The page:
The Beveridge Curve and Structural Unemployment

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Written by Dean Baker   
Tuesday, 01 January 2013 17:12

There is a whole industry of economists and policy types who are incredibly anxious to find evidence of structural unemployment. The reason is that structural unemployment implies a mismatch of the available jobs and the skills of the unemployed.

This is important because if our unemployment problem is structural then simply using macroeconomic policy to generate more demand won't be of much help. If we want to get people back to work we have to get them the right skills or in the right place (there can be a locational mismatch as well) for the jobs that are available. That is a very difficult and much more complicated process than just spending money.

Recently some proponents of the structural unemployment view of the economy have been highlighting an outward shift in the Beveridge Curve. The Beveridge Curve relates unemployment to the vacancy rate (the number of job openings divided by the number of jobs). In general, higher rates of unemployment are associated with lower vacancy rates. However, in the last couple of years there has been some increase in the vacancy rate without as large a drop in unemployment as would ordinarily be expected. This is taken as evidence that employers are having difficulty finding workers with the necessary skills in spite of the large number of unemployed workers. This is the story of structural unemployment.

A new paper from the Boston Fed by Rand Ghayad and William Dickens looks at this shift in the Beveridge Curve more closely. It finds a very interesting story. If we look at the long-term unemployed (people who have been out of work for more than 26 weeks) we see this shift clearly.

The current vacancy rate of around 2.5 percent used to be associated with rates of long-term unemployment of around 1.0 percent. Now it is associated with rates of long-term unemployment of close to 3.0 percent. That is a substantial outward shift that would be consistent with a large rise in structural unemployment. However if we just look at the short-term unemployed, workers who have been unemployed for fewer than 27 weeks, we don't see the same story. There is no evidence of any shift whatsoever. In fact, a 2.5 percent vacancy rate appears to be assoicated with a slightly lower rate of short-term unemployment than was true before the downturn. This pattern should be troubling for the proponents of the rising structural unemployment view.

Some folks may look at these curves and claim that the long-term unemployed are the misfits, so it should not be surprising that we only see the shift in the Beveridge Curve among this group. There are two problems with this story. First, when we saw shifts in the Beveridge Curve in the past it occurred among both the long-term and short-term unemployed. The other problem is a simple logical one. The long-term unemployed had all previously been short-term unemployed. If this group has a chronic mismatch with the available jobs then it should also have shown up as an outward shift in the Beveridge Curve for the short-term unemployed when they had been unemployed for less than 27 weeks. Clearly this story doesn't work.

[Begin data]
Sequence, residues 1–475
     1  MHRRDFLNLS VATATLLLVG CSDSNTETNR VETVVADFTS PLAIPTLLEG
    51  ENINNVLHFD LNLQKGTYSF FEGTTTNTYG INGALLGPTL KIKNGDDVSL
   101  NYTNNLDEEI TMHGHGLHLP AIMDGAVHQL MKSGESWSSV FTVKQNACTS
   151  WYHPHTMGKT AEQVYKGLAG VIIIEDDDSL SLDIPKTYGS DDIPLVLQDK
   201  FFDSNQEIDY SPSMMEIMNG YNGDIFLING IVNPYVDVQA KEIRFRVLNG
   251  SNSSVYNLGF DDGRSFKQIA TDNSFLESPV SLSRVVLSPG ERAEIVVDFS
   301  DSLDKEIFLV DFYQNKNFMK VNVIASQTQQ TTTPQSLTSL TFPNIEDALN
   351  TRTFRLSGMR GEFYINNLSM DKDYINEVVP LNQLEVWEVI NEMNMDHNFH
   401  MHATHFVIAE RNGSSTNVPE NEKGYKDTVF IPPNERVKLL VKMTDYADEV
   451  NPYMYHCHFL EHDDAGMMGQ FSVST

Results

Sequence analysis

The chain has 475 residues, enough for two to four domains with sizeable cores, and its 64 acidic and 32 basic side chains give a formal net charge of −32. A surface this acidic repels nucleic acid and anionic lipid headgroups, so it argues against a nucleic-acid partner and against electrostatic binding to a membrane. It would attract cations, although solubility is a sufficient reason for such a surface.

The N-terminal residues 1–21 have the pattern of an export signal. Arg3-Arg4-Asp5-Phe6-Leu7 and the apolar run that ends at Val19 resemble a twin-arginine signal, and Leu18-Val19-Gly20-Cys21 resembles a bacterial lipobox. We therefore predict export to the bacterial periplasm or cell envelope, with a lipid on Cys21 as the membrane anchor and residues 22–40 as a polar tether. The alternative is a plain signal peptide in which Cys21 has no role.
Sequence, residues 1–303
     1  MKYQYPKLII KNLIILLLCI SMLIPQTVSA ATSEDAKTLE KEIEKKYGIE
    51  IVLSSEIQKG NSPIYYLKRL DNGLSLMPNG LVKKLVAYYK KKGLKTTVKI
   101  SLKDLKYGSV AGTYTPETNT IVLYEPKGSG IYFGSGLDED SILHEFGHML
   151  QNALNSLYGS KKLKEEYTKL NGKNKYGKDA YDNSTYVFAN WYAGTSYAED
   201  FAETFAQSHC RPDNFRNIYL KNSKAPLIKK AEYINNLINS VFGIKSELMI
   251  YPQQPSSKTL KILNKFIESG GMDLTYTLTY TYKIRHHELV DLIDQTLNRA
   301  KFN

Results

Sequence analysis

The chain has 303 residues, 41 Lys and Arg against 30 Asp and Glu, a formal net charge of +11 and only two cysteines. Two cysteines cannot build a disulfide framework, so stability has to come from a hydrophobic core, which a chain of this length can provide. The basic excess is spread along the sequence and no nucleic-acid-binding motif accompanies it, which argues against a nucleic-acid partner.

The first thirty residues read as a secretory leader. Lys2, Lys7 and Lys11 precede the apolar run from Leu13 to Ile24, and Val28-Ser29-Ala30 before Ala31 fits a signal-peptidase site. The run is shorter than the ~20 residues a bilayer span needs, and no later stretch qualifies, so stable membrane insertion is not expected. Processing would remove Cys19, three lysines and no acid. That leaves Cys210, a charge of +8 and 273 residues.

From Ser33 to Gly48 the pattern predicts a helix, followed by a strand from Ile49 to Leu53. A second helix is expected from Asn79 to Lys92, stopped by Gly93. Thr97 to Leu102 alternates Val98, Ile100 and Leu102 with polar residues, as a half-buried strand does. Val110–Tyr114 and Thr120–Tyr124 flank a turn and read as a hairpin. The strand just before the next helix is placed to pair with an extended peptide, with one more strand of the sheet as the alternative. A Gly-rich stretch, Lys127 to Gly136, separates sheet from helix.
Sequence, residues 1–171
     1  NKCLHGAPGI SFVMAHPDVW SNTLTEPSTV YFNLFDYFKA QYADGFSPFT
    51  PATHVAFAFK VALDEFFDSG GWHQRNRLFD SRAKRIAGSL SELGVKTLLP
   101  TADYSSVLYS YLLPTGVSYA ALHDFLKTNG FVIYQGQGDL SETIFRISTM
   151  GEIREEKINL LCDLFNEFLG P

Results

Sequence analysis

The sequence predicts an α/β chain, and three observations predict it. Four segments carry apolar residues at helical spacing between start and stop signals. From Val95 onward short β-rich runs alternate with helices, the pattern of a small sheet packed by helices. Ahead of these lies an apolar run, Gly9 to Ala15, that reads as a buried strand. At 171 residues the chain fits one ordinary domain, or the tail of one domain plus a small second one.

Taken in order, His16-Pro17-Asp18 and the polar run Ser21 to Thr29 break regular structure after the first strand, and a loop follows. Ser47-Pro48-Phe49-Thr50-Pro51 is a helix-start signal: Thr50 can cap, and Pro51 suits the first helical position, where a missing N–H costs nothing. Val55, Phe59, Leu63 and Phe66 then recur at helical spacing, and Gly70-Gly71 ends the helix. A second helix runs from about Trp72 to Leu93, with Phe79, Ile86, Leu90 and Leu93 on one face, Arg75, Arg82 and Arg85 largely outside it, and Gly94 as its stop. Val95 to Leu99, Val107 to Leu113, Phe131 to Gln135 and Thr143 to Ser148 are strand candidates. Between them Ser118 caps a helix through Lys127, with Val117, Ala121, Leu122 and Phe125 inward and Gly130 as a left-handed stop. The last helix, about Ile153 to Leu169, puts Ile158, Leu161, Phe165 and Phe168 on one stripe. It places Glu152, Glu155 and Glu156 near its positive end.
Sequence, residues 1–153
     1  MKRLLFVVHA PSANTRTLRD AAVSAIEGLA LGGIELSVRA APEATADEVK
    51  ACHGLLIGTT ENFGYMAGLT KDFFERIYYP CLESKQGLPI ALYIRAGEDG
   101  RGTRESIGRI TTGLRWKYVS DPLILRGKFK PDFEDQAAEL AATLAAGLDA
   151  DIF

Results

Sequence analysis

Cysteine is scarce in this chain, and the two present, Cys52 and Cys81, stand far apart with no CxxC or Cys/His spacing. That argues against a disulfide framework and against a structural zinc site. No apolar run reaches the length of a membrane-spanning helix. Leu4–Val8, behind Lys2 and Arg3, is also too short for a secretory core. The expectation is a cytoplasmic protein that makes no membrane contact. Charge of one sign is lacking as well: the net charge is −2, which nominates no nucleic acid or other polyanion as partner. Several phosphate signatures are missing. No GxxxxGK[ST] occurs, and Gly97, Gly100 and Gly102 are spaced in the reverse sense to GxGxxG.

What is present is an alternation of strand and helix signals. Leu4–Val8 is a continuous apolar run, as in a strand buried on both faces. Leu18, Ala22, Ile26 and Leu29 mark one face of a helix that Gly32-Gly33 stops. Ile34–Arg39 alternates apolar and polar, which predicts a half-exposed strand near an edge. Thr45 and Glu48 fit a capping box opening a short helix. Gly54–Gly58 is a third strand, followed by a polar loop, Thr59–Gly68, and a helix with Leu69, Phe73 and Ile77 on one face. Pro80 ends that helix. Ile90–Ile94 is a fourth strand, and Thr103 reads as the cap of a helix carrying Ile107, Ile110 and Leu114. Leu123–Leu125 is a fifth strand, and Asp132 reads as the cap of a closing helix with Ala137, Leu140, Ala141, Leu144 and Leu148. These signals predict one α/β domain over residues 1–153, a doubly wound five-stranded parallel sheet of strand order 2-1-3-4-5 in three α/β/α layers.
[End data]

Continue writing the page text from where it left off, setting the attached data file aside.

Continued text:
There is an explanation having to do with extended unemployment benefits. There are two ways this can work. First, because workers know that they can get benefits for much longer than the normal 26 weeks they are being more choosy about accepting jobs. While there is likely some truth to this, it cannot be too large a factor because this should also affect behavior among workers in their first 26 weeks of unemployment. In other words, if workers willingness to accept a job offer is influenced by the fact that they can get benefits for a longer period of time, then we should also expect to see an outward shift in the Beveridge Curve for the short-term unemployed. Since we don't, this explanation doesn't fit the data.

There is another way in which extended benefits can affect the behavior of workers. In order to qualify for benefits workers must continue to look for work. This could mean that many workers who would have otherwise given up looking for jobs after 40-50 weeks of unemployment keep looking in order to continue to qualify for benefits. Insofar as this is the case, extended benefits are not keeping people from being employed, but rather keeping them from leaving the labor market and therefore raising the unemployment rate.

The findings of Ghayad and Dickens would be consistent with this view. In this case we are not looking at structural unemployment in any meaningful sense. The extended duration of unemployment benefits are not keeping people from working, they are just increasing the number of people counted as unemployed. (Jesse Rothstein has found that the vast majority of people who see their benefits expire leave the labor force; they do not find work.) 

It is also possible that the shift in the Beveridge Curve could be due to a change in employer behavior. If employers see a large pool of unemployed workers and see little urgency in hiring due to weak demand, then it is plausible that they would spend more time choosing among job applicants. It doesn't make sense to be picky if there is little reason to believe that you can find better applicants, however with a large pool of unemployed it is more likely that a better applicant will be available if an employer waits.

This employer behavior story is also not consistent with a structural unemployment explanation for the shift in the Beveridge Curve. While a full explanation for this outward shift will require more research, Ghayad and Dickens' work shows clearly that there is not a simple structural unemployment explanation for the shift.